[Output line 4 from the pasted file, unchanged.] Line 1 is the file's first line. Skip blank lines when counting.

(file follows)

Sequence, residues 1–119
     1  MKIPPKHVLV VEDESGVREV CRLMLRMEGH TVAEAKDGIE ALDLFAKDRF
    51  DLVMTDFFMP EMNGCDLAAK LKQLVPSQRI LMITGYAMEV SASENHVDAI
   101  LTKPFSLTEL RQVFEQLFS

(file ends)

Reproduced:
   101  LTKPFSLTEL RQVFEQLFS